The Crown Estate has signed agreements for lease (AfL) for six proposed offshore wind farm extensions in the waters around England and Wales totalling 2800 MW.
AfL’s have been granted for extensions to the existing Sheringham Shoal, Dudgeon, Gwynt y Mor, Galloper, Greater Gabbard and Rampion projects.
The Crown Estate said the six project AfLs come in addition to the one for the proposed extension to Thanet offshore wind farm, announced previously.
It said each proposal had successfully progressed through the plan level Habitats Regulations Assessment stage, which assesses the possible impact of the proposed wind farm extensions on relevant nature conservation sites of European importance.
Developers will now be focussed on environmental assessments and surveys, before seeking planning consent through the statutory planning process and securing connections to the grid, The Crown Estate added.
The Gwynt y Mor extension is called Awel y Mor and is located off the coast of North Wales in the Irish Sea.
Its capacity will be up to 576 MW of which RWE owns 60%, with Stadtwerke Munchen (30%) and Siemens Financial Services (10%) owning the remainder.
RWE has formed a 50:50 joint venture with SSE Renewables to develop the 504 MW Greater Gabbard extension, which is now called North Falls.
Rampion 2 has a potential capacity of up to 1.2 GW of which RWE’s share is 50.01%, with a Macquarie-led consortium and Enbridge also part of the development’s joint venture.
RWE said it has also decided to seek to develop the remaining seabed option at the original Zone Six of the existing Rampion project and combine this with the extension project at the wind farm.
The 353 MW Galloper extension is called Five Estuaries, with development lead by RWE.
Equinor is developing the up to 719 MW Sheringham Shoal and Dudgeon extensions.
The Crown Estate head of energy development Will Apps said: “Reaching this stage marks an important milestone in the UK portfolio, demonstrating strong market appetite and further strengthening the UK offshore wind pipeline.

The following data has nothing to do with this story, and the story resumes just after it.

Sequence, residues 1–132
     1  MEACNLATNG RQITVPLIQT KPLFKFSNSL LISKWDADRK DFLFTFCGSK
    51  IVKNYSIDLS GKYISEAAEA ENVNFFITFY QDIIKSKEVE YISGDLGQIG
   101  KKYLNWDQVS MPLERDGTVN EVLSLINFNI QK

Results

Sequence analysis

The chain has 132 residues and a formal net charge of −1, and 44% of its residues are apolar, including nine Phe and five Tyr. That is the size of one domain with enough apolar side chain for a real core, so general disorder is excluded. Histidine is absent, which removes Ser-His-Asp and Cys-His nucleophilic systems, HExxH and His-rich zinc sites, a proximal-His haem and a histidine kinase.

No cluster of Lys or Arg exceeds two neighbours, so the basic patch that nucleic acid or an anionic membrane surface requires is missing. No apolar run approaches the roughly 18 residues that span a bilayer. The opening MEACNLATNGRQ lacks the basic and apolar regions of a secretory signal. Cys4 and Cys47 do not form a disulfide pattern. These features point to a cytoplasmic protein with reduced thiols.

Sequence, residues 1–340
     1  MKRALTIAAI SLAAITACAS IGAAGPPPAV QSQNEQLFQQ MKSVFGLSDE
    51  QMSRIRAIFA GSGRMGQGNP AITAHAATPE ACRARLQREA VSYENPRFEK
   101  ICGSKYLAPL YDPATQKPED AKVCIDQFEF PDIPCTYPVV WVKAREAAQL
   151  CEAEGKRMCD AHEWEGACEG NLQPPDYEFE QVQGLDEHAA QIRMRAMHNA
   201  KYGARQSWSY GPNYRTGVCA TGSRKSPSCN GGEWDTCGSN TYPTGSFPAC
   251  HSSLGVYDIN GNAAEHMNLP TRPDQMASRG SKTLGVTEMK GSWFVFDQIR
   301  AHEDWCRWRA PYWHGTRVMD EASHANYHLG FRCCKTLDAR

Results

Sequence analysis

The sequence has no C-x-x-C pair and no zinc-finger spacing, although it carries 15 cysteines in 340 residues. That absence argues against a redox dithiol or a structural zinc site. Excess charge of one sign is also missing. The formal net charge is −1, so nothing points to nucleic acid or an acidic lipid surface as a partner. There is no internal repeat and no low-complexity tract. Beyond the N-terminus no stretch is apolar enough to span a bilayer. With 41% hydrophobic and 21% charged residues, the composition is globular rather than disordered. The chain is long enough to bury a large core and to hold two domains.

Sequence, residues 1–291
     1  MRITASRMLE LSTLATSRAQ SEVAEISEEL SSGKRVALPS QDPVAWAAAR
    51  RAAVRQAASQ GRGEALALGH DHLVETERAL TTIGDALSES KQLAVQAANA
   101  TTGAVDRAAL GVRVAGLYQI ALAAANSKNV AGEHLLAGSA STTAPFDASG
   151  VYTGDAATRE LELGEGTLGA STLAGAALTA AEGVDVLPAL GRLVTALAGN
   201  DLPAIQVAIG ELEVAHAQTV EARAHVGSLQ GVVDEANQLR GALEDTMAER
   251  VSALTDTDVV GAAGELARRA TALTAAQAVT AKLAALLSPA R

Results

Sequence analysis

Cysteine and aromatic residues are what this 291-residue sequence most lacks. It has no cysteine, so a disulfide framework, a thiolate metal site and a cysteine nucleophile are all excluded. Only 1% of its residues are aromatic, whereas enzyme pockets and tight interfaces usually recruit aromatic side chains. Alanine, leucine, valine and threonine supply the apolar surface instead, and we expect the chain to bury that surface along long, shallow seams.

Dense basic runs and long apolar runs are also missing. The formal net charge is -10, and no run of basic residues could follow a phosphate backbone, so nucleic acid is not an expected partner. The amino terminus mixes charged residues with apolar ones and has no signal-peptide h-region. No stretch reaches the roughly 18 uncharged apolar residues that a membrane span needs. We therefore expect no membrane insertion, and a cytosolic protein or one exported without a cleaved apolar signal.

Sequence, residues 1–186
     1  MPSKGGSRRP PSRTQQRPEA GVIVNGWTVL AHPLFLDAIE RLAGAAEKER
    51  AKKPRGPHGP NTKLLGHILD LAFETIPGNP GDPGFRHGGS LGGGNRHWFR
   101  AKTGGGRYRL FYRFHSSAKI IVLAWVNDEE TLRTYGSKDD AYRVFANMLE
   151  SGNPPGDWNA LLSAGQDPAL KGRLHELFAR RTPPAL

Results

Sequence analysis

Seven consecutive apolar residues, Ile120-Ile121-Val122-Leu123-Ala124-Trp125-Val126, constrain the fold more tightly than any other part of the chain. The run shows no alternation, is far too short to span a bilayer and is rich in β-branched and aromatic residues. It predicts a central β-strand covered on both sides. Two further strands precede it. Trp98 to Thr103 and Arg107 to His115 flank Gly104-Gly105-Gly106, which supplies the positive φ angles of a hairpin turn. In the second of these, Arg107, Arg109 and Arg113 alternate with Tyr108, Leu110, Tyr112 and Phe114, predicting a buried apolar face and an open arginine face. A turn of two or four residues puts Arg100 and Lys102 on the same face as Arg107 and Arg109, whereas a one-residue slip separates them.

“Extensions projects offer a valuable way of enabling new, low cost offshore wind capacity, making efficient use of our world-class seabed resources and building on developers’ existing project knowledge and infrastructure.
“Each project has the potential to play a vital role in supporting the nation’s clean energy transition and we look forward to following their progress as they move through the planning process.”
RWE said that all the project extensions the company is involved with are at very early stages.
It said necessary development and consenting activities will now progress in accordance with current UK Government guidelines, which will include comprehensive stakeholder consultation and determining each project’s exact installed capacity.
The consenting processes are expected to take three to five years, with the wind farms stated to become fully operational towards the end of the decade.
RWE Renewables chief commercial officer Tom Glover said: “RWE looks back on many years of experience in the UK offshore wind industry, working hand in hand with the communities where our renewables projects are located.
“I expect the four offshore wind extension projects to bring significant benefits to the UK energy infrastructure and economy.
“They present a potential multi-billion pound investment and could grow the local supply chain as well as lead to the creation of hundreds of jobs.”
SSE Renewables director of capital projects Paul Cooley said: “North Falls offshore wind farm will build on the successful offshore wind legacy in the East of England.